Isabel Bueso From 'My Last Days' Is Inspirational

Justin Baldoni may be best known as one of the stars of Jane the Virgin, but his passion project, My Last Days, couldn't be more different. The docu-series, which airs from August 17 to August 19 on the CW, focuses on normal people who have been given terminal diagnoses. Dealing with symptoms, treatments, and the knowledge of the worst-case-scenario prognosis is pretty heavy stuff; it takes a special kind of person to not only process all that, but to allow it to be filmed and broadcast on television. So, who is My Last Days subject Isabel Bueso, who will be featured in the episode airing on August 18?

The Concord, California, resident and aspiring sociologist has an illness you've probably never heard of: Mucopolysaccharidosis VI (MPS VI for short). She's been working for a while to raise awareness of the condition, which might explain why she'd be so willing to share her story on My Last Days. Hopefully, it'll shed some light on what MPS VI is, and how (or if) it can be treated. Before you get to meet her for real on her episode, here are some things to know about Isabel Bueso.

1. She Has Mucopolysaccharidosis VI

According to California State University East Bay, which did a profile on Bueso, MPS VI is "a family of diseases caused by enzyme deficiencies. Only a few thousand people in the world suffer from the genetic disease, which often can stunt growth and lead to numerous side effects, including blindness and added pressure in the skull or spinal column."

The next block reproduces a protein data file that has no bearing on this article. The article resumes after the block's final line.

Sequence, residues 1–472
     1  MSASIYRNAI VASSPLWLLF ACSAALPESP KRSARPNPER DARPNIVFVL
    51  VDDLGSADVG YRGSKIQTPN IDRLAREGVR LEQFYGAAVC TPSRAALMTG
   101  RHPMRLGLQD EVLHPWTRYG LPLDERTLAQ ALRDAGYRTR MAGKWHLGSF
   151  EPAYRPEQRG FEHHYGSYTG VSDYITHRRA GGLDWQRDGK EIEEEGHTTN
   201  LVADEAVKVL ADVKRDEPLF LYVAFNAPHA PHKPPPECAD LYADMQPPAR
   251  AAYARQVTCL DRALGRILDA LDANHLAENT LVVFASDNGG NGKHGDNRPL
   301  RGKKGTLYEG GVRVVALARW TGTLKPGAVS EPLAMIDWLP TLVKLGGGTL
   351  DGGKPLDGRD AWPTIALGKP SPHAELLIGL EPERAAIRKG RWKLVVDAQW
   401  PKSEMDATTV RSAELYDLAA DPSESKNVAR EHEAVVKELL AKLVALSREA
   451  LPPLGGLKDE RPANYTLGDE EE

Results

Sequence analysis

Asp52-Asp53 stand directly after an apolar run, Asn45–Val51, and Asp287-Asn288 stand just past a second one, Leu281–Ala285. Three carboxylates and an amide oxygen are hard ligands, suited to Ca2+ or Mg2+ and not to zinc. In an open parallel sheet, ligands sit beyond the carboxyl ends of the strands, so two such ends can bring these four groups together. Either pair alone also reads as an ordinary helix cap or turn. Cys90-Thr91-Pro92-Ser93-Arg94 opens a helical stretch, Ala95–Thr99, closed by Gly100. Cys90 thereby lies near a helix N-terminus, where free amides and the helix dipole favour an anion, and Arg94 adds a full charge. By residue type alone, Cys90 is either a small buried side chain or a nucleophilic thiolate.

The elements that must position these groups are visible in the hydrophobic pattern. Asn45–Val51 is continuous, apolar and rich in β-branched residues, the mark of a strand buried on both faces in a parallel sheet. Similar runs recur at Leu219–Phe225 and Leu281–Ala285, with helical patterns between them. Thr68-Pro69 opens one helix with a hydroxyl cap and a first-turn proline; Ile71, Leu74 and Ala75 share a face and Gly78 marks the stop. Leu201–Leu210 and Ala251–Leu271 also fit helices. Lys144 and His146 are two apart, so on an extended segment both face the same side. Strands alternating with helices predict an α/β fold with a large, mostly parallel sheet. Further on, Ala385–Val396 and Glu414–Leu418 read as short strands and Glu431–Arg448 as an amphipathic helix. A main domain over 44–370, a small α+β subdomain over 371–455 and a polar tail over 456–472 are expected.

2. She's Already Beaten The Odds

In a press release, the CW reports that Bueso was raised knowing she wouldn't live past the age of 20. Now, she's 21.

3. She's Originally from Guatemala

Bueso and her family moved from Guatemala to California so she could continue to seek treatments for MPS VI — so she's had to deal with her disease and a cross-hemisphere move.

4. She's A Pioneer

According to the San Francisco Chronicle, Bueso was one of the first to receive an experiment gene therapy treatment for her condition. "The initial treatments went so well that the enzyme therapy won U.S. approval in 2005, and now researchers are testing it in babies," the paper reports. Bueso paved the way.

5. That's Not The Only Way She's Giving Back

She's also dedicated her life to helping the Make a Wish Foundation. If you want to support her, visit Bueso's Go Fund Me page.

There can be no doubt that Bueso's episode will raise a lot of awareness, and help her in that fight. The fact that she can be this inspirational before her episode has even aired is really, really cool.

Images: The CW (4)